Treatment with BAFF-R blocking antibody
Twelve-week-old male wild-type mice were bilaterally orchiectomized or sham-operated and given a single intravenous injection (0.5 mg) of a monoclonal BAFF-R blocking antibody (9B9) or a control non-blocking antibody (5A12), both provided by Prof. Rolink28. Spleens were collected 2 weeks later. Previous studies have shown that B cell reduction by 9B9 is neither due to antibody-dependent cellular cytotoxicity nor to complement-mediated lysis28.
T cell depletion
At 4 weeks of age, male mice (B6.129P2-Apoetm1Unc; Taconic) were bilaterally orchiectomized or sham-operated. One week later, the mice received an intraperitoneal injection (50 μg) of monoclonal anti-mouse CD3 antibody (145-2C11 f(ab′)2 Fragments; BioXCell) or a control antibody (Hamster IgG f(ab′)2 Fragments; BioXCell) on 5 consecutive days. The injections were repeated at 3-week intervals (when the mice were 5, 8, 11 and 14 weeks old). Spleens were collected at 16 weeks of age.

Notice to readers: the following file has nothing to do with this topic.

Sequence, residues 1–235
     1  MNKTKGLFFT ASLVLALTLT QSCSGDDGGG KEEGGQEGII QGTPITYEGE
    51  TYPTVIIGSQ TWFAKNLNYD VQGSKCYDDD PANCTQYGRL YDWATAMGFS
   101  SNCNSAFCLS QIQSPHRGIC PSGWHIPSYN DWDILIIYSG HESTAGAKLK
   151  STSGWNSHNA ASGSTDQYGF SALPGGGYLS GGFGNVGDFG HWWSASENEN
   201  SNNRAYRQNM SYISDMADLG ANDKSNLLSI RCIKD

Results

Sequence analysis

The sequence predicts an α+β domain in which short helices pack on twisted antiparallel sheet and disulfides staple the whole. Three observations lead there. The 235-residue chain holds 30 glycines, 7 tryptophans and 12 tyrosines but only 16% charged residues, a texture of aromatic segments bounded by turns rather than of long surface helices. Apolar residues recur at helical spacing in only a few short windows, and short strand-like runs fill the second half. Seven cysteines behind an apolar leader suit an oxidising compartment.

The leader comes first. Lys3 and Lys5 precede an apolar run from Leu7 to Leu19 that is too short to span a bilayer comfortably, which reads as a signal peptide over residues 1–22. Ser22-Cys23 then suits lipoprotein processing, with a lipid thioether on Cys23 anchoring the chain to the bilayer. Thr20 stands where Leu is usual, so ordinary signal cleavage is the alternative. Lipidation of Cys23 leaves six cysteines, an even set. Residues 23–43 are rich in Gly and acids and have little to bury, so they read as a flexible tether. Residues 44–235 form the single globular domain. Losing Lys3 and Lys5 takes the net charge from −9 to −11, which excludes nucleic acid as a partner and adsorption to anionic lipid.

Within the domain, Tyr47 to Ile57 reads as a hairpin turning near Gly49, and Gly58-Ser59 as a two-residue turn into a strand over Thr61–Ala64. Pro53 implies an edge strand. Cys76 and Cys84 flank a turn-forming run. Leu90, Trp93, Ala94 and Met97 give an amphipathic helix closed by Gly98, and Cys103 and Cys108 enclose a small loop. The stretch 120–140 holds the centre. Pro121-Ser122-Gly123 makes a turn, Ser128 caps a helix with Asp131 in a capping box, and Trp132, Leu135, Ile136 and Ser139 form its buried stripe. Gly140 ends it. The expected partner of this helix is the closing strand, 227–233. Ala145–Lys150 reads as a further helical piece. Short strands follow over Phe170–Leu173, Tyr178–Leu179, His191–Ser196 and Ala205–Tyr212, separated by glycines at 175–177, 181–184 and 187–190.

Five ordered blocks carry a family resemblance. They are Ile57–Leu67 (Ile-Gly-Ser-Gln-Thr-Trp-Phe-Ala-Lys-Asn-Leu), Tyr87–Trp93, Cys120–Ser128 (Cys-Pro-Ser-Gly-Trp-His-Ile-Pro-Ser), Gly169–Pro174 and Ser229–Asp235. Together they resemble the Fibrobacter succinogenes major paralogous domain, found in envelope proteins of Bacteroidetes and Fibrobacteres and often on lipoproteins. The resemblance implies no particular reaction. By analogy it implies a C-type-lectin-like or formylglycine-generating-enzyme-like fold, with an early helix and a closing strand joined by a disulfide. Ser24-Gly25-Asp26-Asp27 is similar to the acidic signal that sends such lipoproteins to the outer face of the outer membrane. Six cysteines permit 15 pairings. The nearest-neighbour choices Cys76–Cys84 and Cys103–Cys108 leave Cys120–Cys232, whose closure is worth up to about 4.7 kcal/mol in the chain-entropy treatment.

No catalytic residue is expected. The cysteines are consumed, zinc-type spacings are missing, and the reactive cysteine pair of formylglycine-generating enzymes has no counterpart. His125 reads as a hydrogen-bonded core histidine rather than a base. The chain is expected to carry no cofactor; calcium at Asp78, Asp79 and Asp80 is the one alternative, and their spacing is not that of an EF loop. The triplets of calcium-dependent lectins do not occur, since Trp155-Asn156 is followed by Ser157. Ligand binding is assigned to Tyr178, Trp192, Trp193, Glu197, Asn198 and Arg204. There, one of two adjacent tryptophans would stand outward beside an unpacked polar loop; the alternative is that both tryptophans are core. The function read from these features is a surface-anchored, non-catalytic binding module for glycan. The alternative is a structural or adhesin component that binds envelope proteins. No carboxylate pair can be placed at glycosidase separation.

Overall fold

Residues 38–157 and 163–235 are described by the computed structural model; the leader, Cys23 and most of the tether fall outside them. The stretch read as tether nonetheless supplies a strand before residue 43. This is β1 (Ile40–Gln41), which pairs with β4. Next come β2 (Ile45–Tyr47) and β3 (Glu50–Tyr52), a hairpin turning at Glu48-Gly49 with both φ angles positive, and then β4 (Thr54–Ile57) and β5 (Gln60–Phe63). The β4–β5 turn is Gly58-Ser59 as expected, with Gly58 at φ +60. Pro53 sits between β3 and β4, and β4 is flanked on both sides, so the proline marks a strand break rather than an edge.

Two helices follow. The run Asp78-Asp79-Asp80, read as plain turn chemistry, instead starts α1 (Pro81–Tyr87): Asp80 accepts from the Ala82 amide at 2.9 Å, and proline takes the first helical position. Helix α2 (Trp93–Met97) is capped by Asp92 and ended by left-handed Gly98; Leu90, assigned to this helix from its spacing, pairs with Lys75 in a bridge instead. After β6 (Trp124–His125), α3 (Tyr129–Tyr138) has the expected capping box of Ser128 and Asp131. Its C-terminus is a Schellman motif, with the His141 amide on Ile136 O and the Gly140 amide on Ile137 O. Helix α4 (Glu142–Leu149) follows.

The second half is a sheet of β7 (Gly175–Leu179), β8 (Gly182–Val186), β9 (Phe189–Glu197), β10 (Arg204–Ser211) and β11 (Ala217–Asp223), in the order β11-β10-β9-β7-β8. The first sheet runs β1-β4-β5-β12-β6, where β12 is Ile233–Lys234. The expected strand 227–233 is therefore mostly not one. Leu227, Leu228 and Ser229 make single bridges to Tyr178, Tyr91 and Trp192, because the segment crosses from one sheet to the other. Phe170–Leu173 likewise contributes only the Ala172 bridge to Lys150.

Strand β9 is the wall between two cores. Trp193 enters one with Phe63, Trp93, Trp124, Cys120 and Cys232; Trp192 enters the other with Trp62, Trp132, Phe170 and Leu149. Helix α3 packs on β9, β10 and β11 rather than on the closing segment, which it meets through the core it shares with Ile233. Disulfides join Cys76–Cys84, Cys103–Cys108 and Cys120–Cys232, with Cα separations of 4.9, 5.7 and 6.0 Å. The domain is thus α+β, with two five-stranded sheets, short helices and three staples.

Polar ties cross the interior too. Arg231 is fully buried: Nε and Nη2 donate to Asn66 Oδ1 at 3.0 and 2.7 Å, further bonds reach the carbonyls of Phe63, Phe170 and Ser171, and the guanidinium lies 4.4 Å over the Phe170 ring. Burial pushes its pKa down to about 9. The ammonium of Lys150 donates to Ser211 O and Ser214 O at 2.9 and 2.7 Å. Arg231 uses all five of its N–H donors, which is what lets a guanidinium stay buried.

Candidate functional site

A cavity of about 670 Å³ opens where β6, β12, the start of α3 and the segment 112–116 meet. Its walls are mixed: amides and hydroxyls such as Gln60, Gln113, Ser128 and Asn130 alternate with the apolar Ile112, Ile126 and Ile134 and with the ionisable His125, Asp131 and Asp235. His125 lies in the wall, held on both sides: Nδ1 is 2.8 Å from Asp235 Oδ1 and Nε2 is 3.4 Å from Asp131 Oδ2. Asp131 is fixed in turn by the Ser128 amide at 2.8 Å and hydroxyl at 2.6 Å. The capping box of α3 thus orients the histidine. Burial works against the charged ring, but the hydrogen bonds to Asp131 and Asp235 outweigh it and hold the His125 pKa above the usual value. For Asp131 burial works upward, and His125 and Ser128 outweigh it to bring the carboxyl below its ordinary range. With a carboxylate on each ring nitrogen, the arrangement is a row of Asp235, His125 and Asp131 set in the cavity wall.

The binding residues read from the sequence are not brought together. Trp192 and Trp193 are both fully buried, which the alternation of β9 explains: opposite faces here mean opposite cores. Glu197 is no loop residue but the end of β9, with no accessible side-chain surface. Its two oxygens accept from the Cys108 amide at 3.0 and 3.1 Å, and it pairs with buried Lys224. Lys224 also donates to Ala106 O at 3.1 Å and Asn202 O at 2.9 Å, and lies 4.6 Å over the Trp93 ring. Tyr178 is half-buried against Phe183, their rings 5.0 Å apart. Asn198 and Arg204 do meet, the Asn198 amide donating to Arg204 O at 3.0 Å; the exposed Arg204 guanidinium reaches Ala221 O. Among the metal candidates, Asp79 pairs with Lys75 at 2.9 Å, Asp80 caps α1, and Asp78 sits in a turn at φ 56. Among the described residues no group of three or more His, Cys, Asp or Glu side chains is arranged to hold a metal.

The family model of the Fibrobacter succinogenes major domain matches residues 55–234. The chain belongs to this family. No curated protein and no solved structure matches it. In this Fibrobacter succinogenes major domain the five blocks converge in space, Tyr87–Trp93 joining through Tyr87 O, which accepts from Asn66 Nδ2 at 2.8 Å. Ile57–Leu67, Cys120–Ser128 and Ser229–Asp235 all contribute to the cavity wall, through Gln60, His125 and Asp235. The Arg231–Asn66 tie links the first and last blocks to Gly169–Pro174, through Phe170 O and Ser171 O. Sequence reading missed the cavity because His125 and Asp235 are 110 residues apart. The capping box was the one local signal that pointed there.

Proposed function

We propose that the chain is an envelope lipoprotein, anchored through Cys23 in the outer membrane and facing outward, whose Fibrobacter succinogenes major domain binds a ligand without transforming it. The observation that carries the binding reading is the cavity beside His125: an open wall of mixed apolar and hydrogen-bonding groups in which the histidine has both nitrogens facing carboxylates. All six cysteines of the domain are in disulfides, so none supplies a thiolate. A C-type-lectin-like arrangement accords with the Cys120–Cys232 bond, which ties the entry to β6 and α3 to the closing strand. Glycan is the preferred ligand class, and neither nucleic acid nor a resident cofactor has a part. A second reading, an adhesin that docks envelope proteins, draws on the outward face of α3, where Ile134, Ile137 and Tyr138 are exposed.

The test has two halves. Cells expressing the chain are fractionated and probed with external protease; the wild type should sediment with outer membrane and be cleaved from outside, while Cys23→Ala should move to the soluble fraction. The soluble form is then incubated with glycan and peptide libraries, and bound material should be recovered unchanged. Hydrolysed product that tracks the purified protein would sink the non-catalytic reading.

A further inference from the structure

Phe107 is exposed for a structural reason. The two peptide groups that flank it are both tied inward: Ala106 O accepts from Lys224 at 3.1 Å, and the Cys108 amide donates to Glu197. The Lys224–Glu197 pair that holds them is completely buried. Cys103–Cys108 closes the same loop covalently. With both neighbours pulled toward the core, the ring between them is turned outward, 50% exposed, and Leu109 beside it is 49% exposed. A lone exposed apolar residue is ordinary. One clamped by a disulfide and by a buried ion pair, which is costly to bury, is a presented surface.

Treatment with 6-hydroxydopamine
Eight-week-old male wild-type mice were bilaterally orchiectomized or sham-operated and treated with a single intraperitoneal injection of 6-hydroxydopamine (250 mg/kg; Sigma Aldrich) or saline36. Tissues were collected 2 weeks later.
Tissue collection and cell isolation
All mice were killed at 10–14 weeks of age (unless otherwise specified). The mice were anaesthetized (Isoflo vet; Orion Pharma Animal Health), blood was drawn from the left ventricle and the mice were perfused with saline at physiological pressure (around 110 mmHg) for 5 min. Cells from the peritoneal cavity were isolated by lavage and kept in phosphate-buffered saline (PBS) on ice. After dissection, tissues were snap-frozen in liquid nitrogen for DNA and RNA quantification, frozen for cryosectioning (Cryomount, Histolab Products) or kept in PBS on ice for cell isolation.